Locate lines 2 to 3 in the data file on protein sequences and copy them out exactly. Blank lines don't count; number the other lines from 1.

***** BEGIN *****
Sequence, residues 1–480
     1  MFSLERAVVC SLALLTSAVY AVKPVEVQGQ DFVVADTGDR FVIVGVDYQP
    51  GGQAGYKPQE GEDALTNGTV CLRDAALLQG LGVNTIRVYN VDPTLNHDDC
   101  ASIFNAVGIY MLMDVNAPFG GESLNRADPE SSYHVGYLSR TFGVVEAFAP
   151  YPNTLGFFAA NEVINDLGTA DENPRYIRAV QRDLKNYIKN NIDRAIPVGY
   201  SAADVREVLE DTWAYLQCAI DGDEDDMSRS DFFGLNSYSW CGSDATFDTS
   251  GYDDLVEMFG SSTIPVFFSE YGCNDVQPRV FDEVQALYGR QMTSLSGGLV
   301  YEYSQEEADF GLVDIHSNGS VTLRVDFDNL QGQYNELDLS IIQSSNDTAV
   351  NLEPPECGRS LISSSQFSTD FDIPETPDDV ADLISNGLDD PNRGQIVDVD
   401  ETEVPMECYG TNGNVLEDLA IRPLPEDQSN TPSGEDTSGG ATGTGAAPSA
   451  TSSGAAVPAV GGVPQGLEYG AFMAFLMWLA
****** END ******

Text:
     1  MFSLERAVVC SLALLTSAVY AVKPVEVQGQ DFVVADTGDR FVIVGVDYQP
    51  GGQAGYKPQE GEDALTNGTV CLRDAALLQG LGVNTIRVYN VDPTLNHDDC